This Week's Nutrition News Feed

In this week's food news, breakfast takes a hit and yogurt has even more benefits.
Related To:
173424420

173424420

yogurt with fresh blueberry

In this week's news: You now have another reason to scarf down your yogurt; breakfast’s importance is called into question; and heavy drinking may be especially risky for women.

You + Yogurt = Lower Diabetes Risk?

You know yogurt is yummy. You also know it's healthy. Now researchers from the Harvard School of Public Health have linked yogurt to a lower risk of developing type 2 diabetes. In fact, they found, although consumption of other types of dairy did not appear to have the same effect, eating just one 28-gram serving of yogurt a day reduced the risk of type 2 diabetes by 18 percent. Further investigation and randomized controlled trials are needed to determine whether the association is causal, the researchers say. But, senior study researcher Frank Hu notes, “The consistent findings for yogurt suggest that it can be incorporated into a healthy dietary pattern."

Breakfast Not Championed

Breakfast's status as the most-important meal of the day seems to be eroding. Tufts University researchers, following up on previous findings that elementary school students who ate breakfast did better on cognitive tests, concluded that students enrolled in Breakfast in the Classrooms programs did not achieve higher test scores for reading and math after all. (Attendance in BIC schools, however, was higher than in non-BIC schools — so the programs were effective in that regard.) The study authors say their findings do not mean the BIC programs are not important, but rather they highlight a need for further research, including "multiple measures of academic performance, such as test scores as well as classroom behavior and attention," to get a clearer picture.

Sobering Study About Alcohol-Related Injuries

Heavy alcohol consumption is dangerous for anyone, but a new study indicates it may be significantly more so for women than men. A review of emergency room admissions in 18 countries found that, after drinking heavily, women were at a greater risk for injury than men, be it from violence, traffic collisions, falls or other causes. "Even small amounts of drinking put one at risk for injury," lead researcher Cheryl Cherpitel told Reuters. After three drinks, men and women were both about 4.5 times more likely to be injured than when sober — but after more drinks, women were twice, then triple, then as much as 22 times more likely to be injured than men. The researchers cite men's higher tolerance for alcohol and violence against women as possible factors.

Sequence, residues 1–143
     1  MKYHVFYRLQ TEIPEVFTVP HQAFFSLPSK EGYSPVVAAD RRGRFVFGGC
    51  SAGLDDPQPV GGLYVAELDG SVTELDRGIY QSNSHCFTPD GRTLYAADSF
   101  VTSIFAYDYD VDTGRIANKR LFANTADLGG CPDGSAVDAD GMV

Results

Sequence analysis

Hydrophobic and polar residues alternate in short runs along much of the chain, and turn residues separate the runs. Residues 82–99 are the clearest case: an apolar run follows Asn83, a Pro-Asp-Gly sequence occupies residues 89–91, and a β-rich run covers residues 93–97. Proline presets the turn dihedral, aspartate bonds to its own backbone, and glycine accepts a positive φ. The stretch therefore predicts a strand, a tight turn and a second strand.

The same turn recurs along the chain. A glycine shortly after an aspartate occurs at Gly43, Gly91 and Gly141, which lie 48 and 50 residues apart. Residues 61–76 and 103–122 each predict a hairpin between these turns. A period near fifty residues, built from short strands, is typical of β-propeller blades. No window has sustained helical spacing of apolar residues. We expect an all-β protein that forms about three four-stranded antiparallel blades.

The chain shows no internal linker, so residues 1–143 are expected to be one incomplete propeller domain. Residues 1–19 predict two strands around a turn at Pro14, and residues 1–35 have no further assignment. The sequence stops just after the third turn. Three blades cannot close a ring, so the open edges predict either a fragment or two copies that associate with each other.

Amy Reiter also contributes to FN Dish.

Next Up

This Week's Nutrition News Feed

In this week's news: The produce aisle takes a page from the junk food playbook; breakfast proponents get a wake-up call; and new thinking on salt shakes things up.

Nutrition News: Nutritionists’ Breakfasts, Vitamin C Benefits, McDonald’s Cage-Free Eggs  

Nutrition experts share breakfast picks, vitamin C offers exercise-like benefits, McDonald’s promises only cage-free eggs by 2025.

Have a Hammy Morning

Sometimes a hearty breakfast hits the spot. But when you have three small kids underfoot like I do, it has to be fast. Keep reading.

Enter to Win a Copy of the New Cookbook America's Best Breakfasts

Find out how you can be entered to win a copy of Lee Brian Schrager's new cookbook, America's Best Breakfasts: Favorite Local Recipes from Coast to Coast.

Smart Choices: Foods to Fuel Kids at School

Read what nutritionist Julie Negrin, M.S. suggests kids eat to help them stay full at school, plus find easy breakfast recipes from Food Network.

Jeff's Easy Eggs Benedict Sandwich — Most Popular Pin of the Week

Jeff combines classic ingredients in eggs Benedict to make his next-level sandwich. Dive into this sandwich with your hands for the ultimate brunch indulgence.

5 Healthy Muffins (Yes, It's Possible!)

Muffins have a bad reputation of being very high in calories, fat and sugar. While many store bought muffins carry a hefty amount of calories- typically around 400 or more each, you can easily fit them into a healthy eating plan.

Breakfast Face-Off: Which is Healthier?

Food Network Magazine staged a breakfast face-off and asked a nutritionist to name the better choices. The results might surprise you.